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Strategic Standardization & Platform Management - SS 2021

Strategic Standardization & Platform Management -
Lecture and Tutorial
0832 L 274
VL (2 SWS)
12.04.21 - 17.07.21
2pm - 4pm
Prof. Blind
0832 L 275
UE (2 SWS)
12.04.21 - 17.07.21
4pm - 6pm
External speakers

This course has limited capacity. The application form will go live here on April 14th, at 2pm CET. More information about the course can be found on its ISIS page


Standards and standardisation are ubiquitous. Successful examples are mobile telephones, which experienced rapid diffusion in Europe by benefiting from the timely release of the GSM standard, and laser technology, for which the German industry via early standardisation achieved a leading position both in Europe and worldwide.

This series of introductory lectures will particularly focus on standardization and will also touch upon the whole quality infrastructure system in general as well as discuss the relationship and role of standards within different aspects of sustainability. The holistic perspective of this course covers findings from the field of innovation economics as well as from applied standardization and sustainability research. The lectures include examples from different industries such as ICT, cybersecurity, hydrogen, bioeconomy and circular economy. Furthermore, the role of standards in global value chains will be discussed in this course. This year the course will have a stronger focus on sustainability topics related to standardization.

Students passing this curriculum will have a good understanding of standardization, their economic impact on the firm-level as well as on the macrolevel of the national, European and global innovation landscape. In addition, they will understand the role of standards on and its relationship with sustainability and towards the achievement of the Sustainable Development Goals (SDGs).

Even though we might not be aware of all types of standards they both have an impact on our modern life and at the same time are important tools of strategic entrepreneurship as well as relevant for industry at large, policy and society.
In this respect, the relevance of standards can take many forms. Some are elements of the technical infrastructure of our society. Other standards facilitate the exchange of goods and services. Yet other standards provide users with a common terminology or accepted aspects of measuring and testing. Standardisation can be a channel of knowledge and technology transfer. Standards can contribute to the integration of economic areas, like the Single European Market, via their integration into the European health, environmental and safety regulations. Maybe most important from an economic and business perspective and at the same time surely the least understood aspect of standards and standardisation is their relationship to innovation. The reason for the lack of understanding of this relationship is mainly due to the fact that standards do not automatically spur innovation. Rather, certain aspects of standards can have a beneficial effect while others might hold the danger of reducing innovation. The discipline of standardisation research can provide valuable insights into this relationship and help to strengthen the positive aspects of standards and standardisation.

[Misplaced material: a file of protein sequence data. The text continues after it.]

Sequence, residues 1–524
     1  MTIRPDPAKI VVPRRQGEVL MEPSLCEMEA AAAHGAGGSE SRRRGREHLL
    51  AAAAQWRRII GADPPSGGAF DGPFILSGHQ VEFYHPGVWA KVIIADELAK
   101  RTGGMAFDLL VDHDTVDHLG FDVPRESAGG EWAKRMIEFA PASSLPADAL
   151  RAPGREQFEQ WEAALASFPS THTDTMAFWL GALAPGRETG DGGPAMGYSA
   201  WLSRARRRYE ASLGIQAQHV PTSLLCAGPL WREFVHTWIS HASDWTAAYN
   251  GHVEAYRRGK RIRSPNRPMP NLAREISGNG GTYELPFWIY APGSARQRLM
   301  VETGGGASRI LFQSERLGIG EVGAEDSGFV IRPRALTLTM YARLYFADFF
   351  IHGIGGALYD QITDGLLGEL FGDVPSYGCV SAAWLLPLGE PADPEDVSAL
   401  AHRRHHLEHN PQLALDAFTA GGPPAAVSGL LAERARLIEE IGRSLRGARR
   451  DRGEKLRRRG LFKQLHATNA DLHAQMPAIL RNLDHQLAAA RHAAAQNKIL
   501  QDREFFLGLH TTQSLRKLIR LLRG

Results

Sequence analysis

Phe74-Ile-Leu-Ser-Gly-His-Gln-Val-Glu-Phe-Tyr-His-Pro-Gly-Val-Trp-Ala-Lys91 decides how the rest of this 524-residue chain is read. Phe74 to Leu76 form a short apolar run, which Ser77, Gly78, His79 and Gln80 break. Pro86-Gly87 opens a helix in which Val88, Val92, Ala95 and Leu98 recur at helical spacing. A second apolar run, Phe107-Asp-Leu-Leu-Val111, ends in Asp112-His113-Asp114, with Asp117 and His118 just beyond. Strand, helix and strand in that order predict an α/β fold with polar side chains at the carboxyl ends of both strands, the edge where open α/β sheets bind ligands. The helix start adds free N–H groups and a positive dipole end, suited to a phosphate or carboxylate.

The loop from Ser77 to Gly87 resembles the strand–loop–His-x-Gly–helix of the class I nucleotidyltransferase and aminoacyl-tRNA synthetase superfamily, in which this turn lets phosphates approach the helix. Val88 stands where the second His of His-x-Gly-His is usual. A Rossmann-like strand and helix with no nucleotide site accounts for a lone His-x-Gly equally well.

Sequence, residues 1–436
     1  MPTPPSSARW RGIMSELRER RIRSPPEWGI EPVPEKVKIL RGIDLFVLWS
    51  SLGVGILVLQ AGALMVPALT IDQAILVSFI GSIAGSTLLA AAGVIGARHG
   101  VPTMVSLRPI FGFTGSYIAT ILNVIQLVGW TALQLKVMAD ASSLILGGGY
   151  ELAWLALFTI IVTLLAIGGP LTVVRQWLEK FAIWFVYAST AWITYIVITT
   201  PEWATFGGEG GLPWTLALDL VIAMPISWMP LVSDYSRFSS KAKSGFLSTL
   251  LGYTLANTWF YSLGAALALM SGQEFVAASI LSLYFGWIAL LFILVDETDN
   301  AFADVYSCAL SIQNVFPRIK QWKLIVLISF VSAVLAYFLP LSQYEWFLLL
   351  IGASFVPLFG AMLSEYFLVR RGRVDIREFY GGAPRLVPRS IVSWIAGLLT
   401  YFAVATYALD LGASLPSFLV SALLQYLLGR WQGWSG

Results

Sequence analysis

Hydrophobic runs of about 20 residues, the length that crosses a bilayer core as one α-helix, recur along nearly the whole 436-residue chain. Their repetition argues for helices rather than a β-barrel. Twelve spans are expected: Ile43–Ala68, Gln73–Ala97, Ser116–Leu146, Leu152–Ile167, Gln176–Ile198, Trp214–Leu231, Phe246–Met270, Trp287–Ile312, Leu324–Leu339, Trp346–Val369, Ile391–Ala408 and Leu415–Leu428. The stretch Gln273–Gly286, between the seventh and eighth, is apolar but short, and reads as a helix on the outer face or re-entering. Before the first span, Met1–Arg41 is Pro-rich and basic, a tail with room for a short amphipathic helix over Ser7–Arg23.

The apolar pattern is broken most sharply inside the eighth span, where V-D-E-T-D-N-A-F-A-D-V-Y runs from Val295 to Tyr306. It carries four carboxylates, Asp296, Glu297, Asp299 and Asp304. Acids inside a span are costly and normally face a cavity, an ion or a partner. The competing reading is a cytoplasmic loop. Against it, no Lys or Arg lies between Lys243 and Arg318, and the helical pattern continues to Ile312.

This course reflects the European market needs for education in standardisation or standardisation-related competences identified by a study on behalf of the European Commission.
This series of introductory lectures will cover the topic of standards and standardisation from a holistic perspective integrating findings from the field of standardisation research on the relation of standards and innovation, the role of standards in innovation policy as well as practical knowledge about standards, standardisation and of standardisation work into a coherent curriculum. Students passing this curriculum will have a better understanding not only of the economic theories behind standards and standardisation but also will have a better understanding of how standards have an impact on the microlevel of companies, the macrolevel of the national, European and global innovation landscape, the relevance of standards in innovation policy or R&D policy and the relation between standadisation and regulation. Moreover, students will be introduced to the different institutions that make up the vast standardisation landscape at the national, European and international level, how these levels and institutions interact, which rules govern standardisation and how both public and private stakeholders can participate in successful standardisation work.

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Fabian Scheifele